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Music Review: Love Letters EP, Anoushka Shankar

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After a brief Sitar intro, the vocalist takes over, singing “Does she feel younger than me, as you’re lying in your bed? Does she feel younger than me, or that is in my head?” Titled ‘Bright Eyes’, the opening track of Anoushka Shankar’s new EP Love Letters shows what’s in store.

The six songs, written after Shankar’s divorce from filmmaker Joe Wright, talk of heartbreak, memories, turmoil, and healing. Though the Sitar exponent has earlier been part of vocal tracks like ‘The Land Of Gold’, sung by Alev Lenz, and ‘Traces Of You’, a dedication to her father Pandit Ravi Shankar and featuring her half-sister Norah Jones, this is the first time she’s dedicated an entire EP to songs with words – five in English and one in Punjabi.

Interestingly, the Sitar is used appropriately to just embellish the songs, instead of dominating the sound. And to lend variety, she’s used vocalists with different styles. The lyrics, again a joint effort, shift from the introspective to the hard-hitting and sarcastic.

Besides the Enya-esque ‘Bright Eyes’, German singer-pianist Lenz collaborates with Anoushka Shankar on ‘Space’, ‘Wallet’ and ‘In Your Mouth’. While the uptempo ‘Space’ talks of the unfairness of only one partner requiring freedom, ‘Wallet’ has blunt and scathing lines like, “Did I owe him more of myself, My heart, my soul, my body, rob it? Did I not have a voice, just because he used his wallet?”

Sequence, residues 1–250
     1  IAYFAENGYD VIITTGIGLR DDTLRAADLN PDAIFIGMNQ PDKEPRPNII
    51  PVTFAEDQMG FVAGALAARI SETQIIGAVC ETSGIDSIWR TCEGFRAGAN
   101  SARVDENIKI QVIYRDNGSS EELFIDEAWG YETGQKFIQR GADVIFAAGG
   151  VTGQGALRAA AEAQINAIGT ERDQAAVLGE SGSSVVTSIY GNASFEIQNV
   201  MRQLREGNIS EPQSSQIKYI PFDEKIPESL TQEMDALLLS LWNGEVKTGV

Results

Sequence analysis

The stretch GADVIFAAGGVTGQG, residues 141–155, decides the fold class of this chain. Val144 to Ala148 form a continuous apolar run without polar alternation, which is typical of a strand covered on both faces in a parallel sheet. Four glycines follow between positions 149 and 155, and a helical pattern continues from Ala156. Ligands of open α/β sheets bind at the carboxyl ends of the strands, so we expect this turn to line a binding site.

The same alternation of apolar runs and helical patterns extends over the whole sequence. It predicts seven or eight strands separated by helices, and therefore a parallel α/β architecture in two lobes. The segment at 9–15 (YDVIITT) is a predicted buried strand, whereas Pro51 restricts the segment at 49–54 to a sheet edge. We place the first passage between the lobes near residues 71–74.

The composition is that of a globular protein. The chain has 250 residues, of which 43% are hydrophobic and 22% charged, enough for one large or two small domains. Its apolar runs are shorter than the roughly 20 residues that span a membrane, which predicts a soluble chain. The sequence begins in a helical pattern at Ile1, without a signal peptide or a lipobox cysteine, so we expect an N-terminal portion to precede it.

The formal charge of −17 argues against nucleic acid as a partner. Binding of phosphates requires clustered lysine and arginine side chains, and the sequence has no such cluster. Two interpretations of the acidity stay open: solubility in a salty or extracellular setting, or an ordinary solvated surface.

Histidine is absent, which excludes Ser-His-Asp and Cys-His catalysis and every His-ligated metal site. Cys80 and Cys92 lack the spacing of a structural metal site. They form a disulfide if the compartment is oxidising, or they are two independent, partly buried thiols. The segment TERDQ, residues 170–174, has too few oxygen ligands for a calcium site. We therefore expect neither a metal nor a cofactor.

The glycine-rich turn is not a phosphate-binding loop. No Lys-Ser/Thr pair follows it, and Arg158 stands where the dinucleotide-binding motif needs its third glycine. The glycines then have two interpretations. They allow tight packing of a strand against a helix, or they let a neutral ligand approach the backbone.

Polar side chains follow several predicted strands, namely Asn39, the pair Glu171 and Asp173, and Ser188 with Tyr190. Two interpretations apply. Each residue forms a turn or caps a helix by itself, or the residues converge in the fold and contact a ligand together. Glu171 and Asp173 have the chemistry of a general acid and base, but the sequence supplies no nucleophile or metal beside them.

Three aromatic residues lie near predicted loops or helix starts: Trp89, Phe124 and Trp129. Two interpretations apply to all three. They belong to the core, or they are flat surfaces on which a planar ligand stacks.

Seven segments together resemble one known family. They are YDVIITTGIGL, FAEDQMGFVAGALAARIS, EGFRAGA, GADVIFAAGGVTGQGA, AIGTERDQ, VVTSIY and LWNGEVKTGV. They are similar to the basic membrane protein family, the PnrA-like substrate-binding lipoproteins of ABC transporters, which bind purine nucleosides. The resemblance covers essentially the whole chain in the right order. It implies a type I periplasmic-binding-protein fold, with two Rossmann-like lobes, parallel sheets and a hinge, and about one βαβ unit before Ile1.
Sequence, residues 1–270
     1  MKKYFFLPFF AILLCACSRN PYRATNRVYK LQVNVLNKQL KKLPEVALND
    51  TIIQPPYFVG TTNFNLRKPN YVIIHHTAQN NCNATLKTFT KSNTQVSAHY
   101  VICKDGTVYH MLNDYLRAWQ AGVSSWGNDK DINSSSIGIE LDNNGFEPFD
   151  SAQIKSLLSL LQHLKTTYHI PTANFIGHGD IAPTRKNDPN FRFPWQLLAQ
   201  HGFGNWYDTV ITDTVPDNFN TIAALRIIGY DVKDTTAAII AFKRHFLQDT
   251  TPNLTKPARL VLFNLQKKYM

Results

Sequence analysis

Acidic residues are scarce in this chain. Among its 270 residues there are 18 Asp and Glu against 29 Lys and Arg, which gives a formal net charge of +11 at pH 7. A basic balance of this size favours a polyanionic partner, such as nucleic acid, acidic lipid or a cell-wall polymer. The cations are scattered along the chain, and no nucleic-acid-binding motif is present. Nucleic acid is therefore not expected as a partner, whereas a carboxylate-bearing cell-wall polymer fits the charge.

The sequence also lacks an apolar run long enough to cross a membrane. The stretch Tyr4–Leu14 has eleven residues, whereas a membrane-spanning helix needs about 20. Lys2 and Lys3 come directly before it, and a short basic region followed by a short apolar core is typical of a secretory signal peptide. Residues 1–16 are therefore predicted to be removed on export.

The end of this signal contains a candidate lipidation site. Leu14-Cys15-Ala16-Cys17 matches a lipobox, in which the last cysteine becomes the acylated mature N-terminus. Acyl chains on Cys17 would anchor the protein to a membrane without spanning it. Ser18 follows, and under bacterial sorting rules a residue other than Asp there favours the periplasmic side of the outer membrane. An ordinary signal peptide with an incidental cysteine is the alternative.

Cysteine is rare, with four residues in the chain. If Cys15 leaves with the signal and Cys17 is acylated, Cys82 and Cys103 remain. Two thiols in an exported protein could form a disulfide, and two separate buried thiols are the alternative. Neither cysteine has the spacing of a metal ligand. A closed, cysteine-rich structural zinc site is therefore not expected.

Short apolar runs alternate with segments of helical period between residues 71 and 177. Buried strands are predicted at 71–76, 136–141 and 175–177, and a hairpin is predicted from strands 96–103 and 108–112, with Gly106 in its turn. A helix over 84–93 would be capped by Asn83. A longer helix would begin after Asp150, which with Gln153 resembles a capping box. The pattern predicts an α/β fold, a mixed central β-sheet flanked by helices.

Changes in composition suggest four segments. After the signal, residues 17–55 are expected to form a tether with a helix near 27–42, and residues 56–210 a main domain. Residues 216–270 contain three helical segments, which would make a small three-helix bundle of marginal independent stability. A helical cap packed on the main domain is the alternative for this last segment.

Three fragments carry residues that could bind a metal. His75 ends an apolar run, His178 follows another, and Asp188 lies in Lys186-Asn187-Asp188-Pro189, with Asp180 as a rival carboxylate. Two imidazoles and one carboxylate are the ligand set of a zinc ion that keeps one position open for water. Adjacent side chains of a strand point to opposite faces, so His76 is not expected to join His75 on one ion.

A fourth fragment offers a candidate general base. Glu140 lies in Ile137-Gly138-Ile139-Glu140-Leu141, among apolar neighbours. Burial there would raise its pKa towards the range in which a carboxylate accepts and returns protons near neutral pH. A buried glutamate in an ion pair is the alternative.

Paris-based sister duo Ibeyi renders ‘Lovable’, where they ask, “Am I still lovable if you stop loving me?” Though an accent comes in while using the word ‘stop’, the singing is soulful here. For an Indian flavour, Shilpa Rao sings Punjabi lines on ‘Those Words’, which also features composer-cellist Ayanna Witter-Johnson. With its nostalgia-filled lyrics, the song impresses with its easy lounge feel and melodic sitar phrases.

The songs grow on repeated listening, and for Shankar, it’s a very personal work. To promote the album, the artiste did a show at the Shanmukhananda Hall, Sion, a fortnight ago. Besides Lenz, it featured cellist Danny Keane, bassist Nina Harries, vocalist Nikki Wells, and percussionist Pirashanna Thevarajah.

Apart from the six songs from Love Letters, Shankar rendered her older tunes ‘Boat To Nowhere’, ‘Land Of Gold’, ‘Traces Of You’, ‘Voice Of The Moon’ and ‘Reunion’. A highlight was the still-to-be-released ‘Sister Susanna’, which blended Anoushka’s poetry recitation with melodic vocals and talked of the demands made by partners in a relationship.

Undoubtedly, Anoushka Shankar has come a long way. Initially, she faced comparisons with her legendary father, which though natural were also unfair. But by doing classical concerts and a variety of crossover projects simultaneously, and collaborating with artistes like Sting and Jethro Tull’s Ian Anderson, she has developed a fan following of her own.

That was evident at the Mumbai show, where many in the audience not only knew her older pieces but also queued up to meet her after the show, though most weren’t successful. Love Letters is yet another step forward.

Narendra Kusnur

Author: Narendra Kusnur

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